As someone heavily invested in sports, what has changed in the industry on a global level?
It’s not just sports – the entire world has changed. Still, sports – a huge business on its own – had it rougher than most. Big events such as the Tokyo 2020 Olympics and countless competitions around the world have been canceled, which meant revenue streams drying up with no ticket sales and decreased media payments.
Tennis has been hit particularly hard because it’s virtually impossible to continue as other sports have. Unlike football, basketball, and other sports players who can continue national competitions within their respective country’s bubble, tennis players need to travel abroad. This is a sport that has been played every week in a different country, and current restrictions make it impossible to come back because it’s too huge of an undertaking at the moment.
In that spirit, what’s your advice to a business that’s struggling to adjust to the new reality?
There are a few things, starting with having a clear vision. Not everyone has it. Envision where you want to get to because it makes it much easier to actually get there, especially when things don’t go as planned or you feel unsure about your next step.
In order to reach the finish line, you need to have a good plan. Take a good look at the big picture and build a plan that is specific to your circumstances, measurable, and realistic to execute. Divide it into steps for easier implementation. A plan outlining a clear path to your goal is as of a good start as you can hope for.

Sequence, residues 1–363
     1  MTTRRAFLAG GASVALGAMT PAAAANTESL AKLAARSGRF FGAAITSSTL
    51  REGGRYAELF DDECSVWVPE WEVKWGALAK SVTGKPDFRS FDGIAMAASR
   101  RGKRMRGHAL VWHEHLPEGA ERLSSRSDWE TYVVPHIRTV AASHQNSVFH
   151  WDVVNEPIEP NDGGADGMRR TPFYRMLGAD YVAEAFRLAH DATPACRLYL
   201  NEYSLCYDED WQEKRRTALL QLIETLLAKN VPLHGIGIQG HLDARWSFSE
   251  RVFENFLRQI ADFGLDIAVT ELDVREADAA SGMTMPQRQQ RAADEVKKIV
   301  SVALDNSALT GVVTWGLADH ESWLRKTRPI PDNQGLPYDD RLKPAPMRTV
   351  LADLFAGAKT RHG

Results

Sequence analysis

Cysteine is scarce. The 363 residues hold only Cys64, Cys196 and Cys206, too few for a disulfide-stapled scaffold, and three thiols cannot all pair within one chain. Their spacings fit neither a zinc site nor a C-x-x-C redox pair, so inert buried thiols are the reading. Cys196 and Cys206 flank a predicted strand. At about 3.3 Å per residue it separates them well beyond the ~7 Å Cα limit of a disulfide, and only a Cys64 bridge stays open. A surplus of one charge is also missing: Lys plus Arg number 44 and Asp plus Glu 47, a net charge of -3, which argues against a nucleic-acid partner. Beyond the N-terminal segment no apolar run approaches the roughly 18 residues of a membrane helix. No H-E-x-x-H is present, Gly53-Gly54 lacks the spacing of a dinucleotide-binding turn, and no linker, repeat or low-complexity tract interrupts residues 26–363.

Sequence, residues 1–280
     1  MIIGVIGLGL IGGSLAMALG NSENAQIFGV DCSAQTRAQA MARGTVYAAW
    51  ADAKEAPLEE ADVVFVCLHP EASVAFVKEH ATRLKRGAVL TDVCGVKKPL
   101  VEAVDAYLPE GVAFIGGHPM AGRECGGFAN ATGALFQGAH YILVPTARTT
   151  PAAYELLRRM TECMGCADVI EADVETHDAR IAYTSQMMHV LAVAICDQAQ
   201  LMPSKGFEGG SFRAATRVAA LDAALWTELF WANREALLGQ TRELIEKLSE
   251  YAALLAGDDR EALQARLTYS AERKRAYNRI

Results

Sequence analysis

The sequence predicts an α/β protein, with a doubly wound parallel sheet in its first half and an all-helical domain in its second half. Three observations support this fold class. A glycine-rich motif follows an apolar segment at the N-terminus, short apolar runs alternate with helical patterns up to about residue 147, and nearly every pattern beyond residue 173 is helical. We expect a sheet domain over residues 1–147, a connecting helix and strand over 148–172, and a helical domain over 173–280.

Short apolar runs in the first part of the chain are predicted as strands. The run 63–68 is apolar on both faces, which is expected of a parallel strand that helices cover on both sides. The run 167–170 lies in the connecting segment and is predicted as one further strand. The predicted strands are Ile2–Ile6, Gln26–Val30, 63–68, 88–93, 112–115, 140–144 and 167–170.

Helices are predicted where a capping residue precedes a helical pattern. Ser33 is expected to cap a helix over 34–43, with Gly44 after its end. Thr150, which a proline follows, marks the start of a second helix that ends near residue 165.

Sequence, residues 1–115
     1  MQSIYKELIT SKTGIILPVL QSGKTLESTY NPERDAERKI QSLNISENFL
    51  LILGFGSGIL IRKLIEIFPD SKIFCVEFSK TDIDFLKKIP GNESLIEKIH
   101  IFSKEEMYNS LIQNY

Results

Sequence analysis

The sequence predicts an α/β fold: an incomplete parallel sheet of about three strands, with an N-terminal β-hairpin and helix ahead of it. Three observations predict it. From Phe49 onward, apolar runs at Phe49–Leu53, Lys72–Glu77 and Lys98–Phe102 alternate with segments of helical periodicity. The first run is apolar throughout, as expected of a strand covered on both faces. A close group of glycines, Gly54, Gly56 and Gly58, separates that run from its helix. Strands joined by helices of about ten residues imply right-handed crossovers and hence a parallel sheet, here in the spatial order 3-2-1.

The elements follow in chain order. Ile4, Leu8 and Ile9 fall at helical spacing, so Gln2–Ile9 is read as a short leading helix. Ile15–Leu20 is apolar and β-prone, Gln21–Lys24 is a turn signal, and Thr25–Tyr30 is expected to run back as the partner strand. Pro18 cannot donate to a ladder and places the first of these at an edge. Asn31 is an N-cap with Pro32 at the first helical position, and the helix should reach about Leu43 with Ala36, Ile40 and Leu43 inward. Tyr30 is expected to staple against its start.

Another important thing (something we help with a lot in MILI) is to be creative in attracting your customers because the competition is getting fiercer by the day. Try to find a unique aspect to what you do and provide an added value. Be faster in delivering a service or increase the level of convenience or just offer a better quality product.
I’ll take the example of that cyclist. Why should I send my son to his school when there is another one close to where we live? If the level of service is the same, him being a retired professional doesn’t differentiate him from this amateur school of cycling. But if he were to provide something like nutritional advice, fitness classes, or anything else he can draw upon from his pro experience, that’s his factor X. Now, the narrative changes: an Israeli champion is teaching my kid to be the best cyclist in Israel. Arguably, that’s something that sells.
The sports field works on the same principle. Every top athlete has something unique about them. I’m speaking from experience here as I’m friends with guys like Djokovic and Federer and I’ve shared locker rooms with them. They all do a little bit extra of something, whether it’s another half an hour of practice, specific workout and eating regimes, mental preparation, and so on. A good business should do the same – be a little bit different than the rest.
Also, if you are a local Israeli business owner that needs help or an entrepreneur that would like to be a mentor, please get in touch via the MILI website.